snows of winter were thawing at last, but there was
little cheer among the people of the land. Old king
Hollyhorn had fallen into a life of corruption and
debauchery. The feasts that had once been welcome
celebrations of special days had now become excuses
to squander food and wine, day in and day out.
Those he favored were treated like playthings or
pets, while those out of favor were punished
cruelly or left to starve on the streets. Hollyhorn
had grown fat with age, and he seldom washed or
combed his hair, which had become greasy and
closest to the king feared him, because his mood
would shift suddenly and without provocation. His
guards and officials had long since given up all
pretext of law and justice, and now openly worked
for bribes of gold, wine, or sex. They justified
their own opportunism because the king himself was
an unpredictable, selfish tyrant, and his men felt
they must take as much as they can before his mood
turned sour again, costing them their positions or
It would be
planting season soon, but the people despaired even
at this prospect. There was no hope left in them
for another year, for they knew that any crops they
grew would be taken by the king's men and lavished
on their friends and lovers, or else wasted in
reckless feasting to satisfy the gluttony of the
king and his favorites.
began telling old, half-forgotten stories of a
great king of long ago, Goldhelm the Just. Under
his reign, it was said, there was order in the
streets, and judges settled disputes fairly, and in
accordance with the king's law. Each person was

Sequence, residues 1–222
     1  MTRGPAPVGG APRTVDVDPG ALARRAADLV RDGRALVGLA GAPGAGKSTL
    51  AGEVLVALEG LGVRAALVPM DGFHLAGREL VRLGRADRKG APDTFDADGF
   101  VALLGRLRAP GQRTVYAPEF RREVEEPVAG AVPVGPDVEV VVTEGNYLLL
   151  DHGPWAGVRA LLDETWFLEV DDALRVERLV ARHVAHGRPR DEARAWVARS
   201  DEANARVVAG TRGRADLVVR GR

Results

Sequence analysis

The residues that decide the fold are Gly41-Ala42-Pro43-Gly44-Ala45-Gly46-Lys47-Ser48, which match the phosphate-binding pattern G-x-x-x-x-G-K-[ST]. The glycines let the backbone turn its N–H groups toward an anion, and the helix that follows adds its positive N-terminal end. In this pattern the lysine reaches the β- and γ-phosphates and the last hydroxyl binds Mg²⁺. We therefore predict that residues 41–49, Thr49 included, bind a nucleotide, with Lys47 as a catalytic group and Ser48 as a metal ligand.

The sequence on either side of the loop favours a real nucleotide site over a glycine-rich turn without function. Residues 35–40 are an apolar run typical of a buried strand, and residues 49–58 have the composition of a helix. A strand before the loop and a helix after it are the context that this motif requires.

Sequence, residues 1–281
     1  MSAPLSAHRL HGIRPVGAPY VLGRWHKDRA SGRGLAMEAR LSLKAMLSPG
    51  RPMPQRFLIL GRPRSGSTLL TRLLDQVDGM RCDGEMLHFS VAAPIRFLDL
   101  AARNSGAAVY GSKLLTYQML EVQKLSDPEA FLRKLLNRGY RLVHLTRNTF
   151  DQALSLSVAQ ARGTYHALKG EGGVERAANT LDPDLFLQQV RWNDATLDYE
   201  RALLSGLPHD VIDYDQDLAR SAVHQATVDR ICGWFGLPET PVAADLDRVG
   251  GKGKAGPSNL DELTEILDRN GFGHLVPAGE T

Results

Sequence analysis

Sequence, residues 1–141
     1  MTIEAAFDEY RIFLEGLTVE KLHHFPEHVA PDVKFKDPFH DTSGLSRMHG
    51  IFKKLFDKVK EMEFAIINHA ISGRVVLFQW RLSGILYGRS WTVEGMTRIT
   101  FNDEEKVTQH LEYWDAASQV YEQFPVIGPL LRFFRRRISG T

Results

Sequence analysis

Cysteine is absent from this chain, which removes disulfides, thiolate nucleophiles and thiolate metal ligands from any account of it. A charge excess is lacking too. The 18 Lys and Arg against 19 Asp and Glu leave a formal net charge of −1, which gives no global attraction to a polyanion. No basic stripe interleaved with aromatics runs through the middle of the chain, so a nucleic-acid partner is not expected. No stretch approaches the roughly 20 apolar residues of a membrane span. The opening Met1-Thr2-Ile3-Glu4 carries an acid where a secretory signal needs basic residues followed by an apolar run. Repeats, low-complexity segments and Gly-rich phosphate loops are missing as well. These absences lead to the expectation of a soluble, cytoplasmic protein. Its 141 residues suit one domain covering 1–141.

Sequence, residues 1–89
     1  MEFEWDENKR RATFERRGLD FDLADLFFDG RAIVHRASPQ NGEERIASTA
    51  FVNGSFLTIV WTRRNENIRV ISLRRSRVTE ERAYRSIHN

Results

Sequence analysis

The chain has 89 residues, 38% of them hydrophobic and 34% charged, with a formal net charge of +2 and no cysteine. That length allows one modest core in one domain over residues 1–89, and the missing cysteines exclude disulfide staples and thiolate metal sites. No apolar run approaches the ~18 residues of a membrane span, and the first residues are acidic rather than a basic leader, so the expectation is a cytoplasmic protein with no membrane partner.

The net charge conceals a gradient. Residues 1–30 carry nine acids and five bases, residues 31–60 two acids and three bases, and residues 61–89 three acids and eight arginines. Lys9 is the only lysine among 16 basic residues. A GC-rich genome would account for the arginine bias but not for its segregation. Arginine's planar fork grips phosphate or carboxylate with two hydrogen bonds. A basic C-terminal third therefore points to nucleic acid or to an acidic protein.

treated equally, and those who acted rightly
received the rewards of their efforts.
men laughed mockingly when they overheard these old
tales, but in secret many of them hoped that the
stories were true, and that a just king would come
again some day. King Hollyhorn himself never heard
the tales. Or, if he had, showed no signs of
caring. He gave no thought to either past or
future, only the pleasures of the moment, however
empty they had become.
It came to
pass one day that a young stranger came into the
city, riding a fine proud horse. A sword hung at
his side, and upon his head was a helmet that
sparkled golden in the bright light of spring. One
of the king's men approached him.
through the gates without paying the
toll," said the king's man. His companions
smirked and chuckled.
stranger reached for his coin purse.
with coin," said the king's man, fingering the hilt
of his sword. "We'll take that fine horse,
"In all my
travels," said the youth, "I have heard of no toll
such as this. By what right do you demand such a
it because we want to," said the king's man. "This
is King Hollyhorn's land, and here we do as we
be right, for kingship is a sacred trust between
king and subjects, between the ruler and the land.
Please take me to this King Hollyhorn, and
I will learn the truth of this matter. I
suspect you are nothing but a common lawbreaker,
and the king will wish to deal with you when he
learns how you greet travelers here."
men laughed, but they led the young man to the
castle. Although it was mid-day, the great hall was
strewn with drunken men and women, and the place